The playful group are making waves with their antics at the new purpose-built dual lake complex Point Lobos which is the largest filtrated sea lion facility in the world. This new signature reserve, an investment of over £2m, is a significant development in the Park’s expansion of the animal collection.
The spectacular main lake, which measures 70m long and three metres deep, was filled with three million litres of water before becoming the playground of a colony of six Californian sea lions.
This is the focal point of the two-acre Point Lobos reserve which is now home for sea lion parents Dominic, Bailey, both 13, 12-year-old Lara and their little ones Hanno, 2, Oakley, 2-, and one-year old Maui.
They have been splashing around in the water, climbing up on the rocks and chilling on sandy beaches as they settle into their new home, which offers as much land space as water surface.
“The sea lions are such a joy to have around the park, they all have such lively characters and are naturally active and playful which our visitors will love,” said John Minion, CEO of the park.
“It is an amazing new facility. It includes multiple different features and environments for the sea lions and their optimum welfare. This includes careful choices in the colour of the lake to make sure the sea lions’ eyes are protected from sun rays to real sea salt in the water. There is a combination of deep water for diving, wide expanses for them to swim and leap across and rocks and beaches for them to enjoy as they rest out of the water.
“This species of sea lion is fortunately not currently endangered in the wild, but its habitat of the giant seaweed Kelp Forests is under threat, which will also impact on other species of animals, birds and fish. Our sea lions will give us the opportunity to tell the story of what is happening in our oceans to our visitors and through our education programmes to the thousands of school children who come to the Park every year.”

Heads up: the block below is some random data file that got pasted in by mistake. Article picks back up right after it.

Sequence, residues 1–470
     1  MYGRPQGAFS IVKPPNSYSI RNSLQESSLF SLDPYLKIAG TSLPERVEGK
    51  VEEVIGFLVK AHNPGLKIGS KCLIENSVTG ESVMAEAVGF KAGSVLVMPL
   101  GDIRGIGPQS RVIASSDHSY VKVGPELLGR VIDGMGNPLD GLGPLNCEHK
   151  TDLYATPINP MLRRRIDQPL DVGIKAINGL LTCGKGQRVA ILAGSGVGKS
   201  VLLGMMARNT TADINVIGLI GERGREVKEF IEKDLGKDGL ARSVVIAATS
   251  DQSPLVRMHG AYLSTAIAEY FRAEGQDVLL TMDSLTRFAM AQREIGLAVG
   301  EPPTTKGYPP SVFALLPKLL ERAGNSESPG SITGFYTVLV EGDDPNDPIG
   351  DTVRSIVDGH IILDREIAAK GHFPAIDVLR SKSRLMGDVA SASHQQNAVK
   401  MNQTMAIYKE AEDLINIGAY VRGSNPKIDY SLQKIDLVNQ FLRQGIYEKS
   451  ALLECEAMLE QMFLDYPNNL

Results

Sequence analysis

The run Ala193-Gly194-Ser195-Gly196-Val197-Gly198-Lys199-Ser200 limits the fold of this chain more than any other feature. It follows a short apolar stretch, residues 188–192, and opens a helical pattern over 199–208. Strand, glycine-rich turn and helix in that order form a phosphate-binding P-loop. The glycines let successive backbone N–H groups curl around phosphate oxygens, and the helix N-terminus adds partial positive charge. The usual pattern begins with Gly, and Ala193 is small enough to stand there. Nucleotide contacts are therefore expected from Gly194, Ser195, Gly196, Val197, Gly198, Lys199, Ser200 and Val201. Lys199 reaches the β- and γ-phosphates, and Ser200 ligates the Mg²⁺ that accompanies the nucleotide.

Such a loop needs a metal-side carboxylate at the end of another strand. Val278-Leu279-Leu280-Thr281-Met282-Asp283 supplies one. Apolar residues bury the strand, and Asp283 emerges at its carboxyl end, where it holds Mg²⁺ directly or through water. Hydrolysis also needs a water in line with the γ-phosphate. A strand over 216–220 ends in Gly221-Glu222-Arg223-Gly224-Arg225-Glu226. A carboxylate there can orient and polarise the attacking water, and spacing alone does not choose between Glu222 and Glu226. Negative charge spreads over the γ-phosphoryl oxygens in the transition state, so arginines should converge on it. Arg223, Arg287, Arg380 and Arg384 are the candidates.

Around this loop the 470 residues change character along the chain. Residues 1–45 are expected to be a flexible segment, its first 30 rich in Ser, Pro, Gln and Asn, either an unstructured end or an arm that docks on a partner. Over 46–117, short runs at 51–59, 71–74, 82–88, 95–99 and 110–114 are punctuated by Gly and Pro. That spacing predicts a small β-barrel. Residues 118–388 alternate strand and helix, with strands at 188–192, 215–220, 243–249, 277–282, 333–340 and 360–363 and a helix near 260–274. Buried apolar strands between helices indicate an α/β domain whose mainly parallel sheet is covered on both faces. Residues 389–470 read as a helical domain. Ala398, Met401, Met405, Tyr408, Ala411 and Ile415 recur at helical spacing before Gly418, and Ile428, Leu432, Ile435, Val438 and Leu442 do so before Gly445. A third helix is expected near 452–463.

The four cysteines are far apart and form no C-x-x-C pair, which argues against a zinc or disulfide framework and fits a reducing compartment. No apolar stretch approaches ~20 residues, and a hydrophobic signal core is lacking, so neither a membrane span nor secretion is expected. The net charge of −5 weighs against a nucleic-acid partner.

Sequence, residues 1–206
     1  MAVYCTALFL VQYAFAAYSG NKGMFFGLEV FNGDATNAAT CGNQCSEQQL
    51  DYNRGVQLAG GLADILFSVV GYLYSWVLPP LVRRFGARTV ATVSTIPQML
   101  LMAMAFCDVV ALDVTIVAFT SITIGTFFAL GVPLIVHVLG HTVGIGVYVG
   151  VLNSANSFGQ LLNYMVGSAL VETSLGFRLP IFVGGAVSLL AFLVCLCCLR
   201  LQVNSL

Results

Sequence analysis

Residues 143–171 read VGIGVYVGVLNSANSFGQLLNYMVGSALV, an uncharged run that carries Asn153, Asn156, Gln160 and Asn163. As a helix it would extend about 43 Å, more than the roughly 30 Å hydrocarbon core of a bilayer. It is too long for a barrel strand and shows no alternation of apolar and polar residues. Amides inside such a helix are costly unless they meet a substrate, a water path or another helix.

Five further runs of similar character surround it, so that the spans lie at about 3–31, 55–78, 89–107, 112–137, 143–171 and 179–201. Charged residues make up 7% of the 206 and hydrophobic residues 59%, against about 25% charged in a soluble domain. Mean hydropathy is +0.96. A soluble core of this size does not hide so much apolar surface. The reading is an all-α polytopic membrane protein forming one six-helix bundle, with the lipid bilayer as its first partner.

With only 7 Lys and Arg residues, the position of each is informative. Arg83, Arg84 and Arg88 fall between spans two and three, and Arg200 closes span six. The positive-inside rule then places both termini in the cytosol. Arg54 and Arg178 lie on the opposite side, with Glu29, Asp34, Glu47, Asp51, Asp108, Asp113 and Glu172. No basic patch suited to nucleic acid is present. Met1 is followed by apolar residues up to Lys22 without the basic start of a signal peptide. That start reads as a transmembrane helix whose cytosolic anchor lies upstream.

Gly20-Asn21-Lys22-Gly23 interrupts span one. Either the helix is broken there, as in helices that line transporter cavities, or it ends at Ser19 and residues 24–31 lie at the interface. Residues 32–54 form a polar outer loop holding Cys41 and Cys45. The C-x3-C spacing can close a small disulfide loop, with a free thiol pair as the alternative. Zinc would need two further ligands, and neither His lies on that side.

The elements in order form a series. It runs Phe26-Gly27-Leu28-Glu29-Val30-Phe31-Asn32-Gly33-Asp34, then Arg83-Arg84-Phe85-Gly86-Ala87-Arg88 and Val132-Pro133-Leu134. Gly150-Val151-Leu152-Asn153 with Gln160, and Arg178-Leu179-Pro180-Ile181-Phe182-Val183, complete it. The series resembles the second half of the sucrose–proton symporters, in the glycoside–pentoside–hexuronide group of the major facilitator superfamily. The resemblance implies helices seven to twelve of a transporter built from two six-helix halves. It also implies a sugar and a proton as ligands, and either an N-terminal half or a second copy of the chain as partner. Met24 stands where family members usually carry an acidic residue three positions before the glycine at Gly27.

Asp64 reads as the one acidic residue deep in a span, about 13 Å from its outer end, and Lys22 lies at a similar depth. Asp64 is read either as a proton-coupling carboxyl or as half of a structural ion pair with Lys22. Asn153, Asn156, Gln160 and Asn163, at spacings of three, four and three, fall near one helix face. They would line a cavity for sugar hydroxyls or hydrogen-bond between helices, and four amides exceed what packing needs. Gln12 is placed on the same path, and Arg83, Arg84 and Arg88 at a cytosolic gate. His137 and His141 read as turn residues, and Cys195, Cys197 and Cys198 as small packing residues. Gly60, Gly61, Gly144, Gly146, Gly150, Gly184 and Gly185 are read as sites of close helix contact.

The reserve was named Point Lobos after the protected marine reserve in California which means Point of Sea Wolves. Californian sea lions are also known in Spanish as “sea wolves” because of the sound of their barks. This is their only means of communication and they can produce the bark both above and under the water. Sea lions are extremely strong swimmers and can reach speeds of nearly 20 miles per hour in the water.
They are found mainly in shallower waters in the North Pacific Ocean where the cold-water streams mean there is plentiful fish, the massive underwater kelp forests provide protection and there are sandy beaches to sunbathe, rest and raise their pups.
It took over 3 million litres of water to fill the main lake. Yorkshire Water sponsored and advised on the logistics of filling Point Lobos.
The region’s water company was impressed with the new water efficient filtration system for the lakes which recycles the water every 2 hours.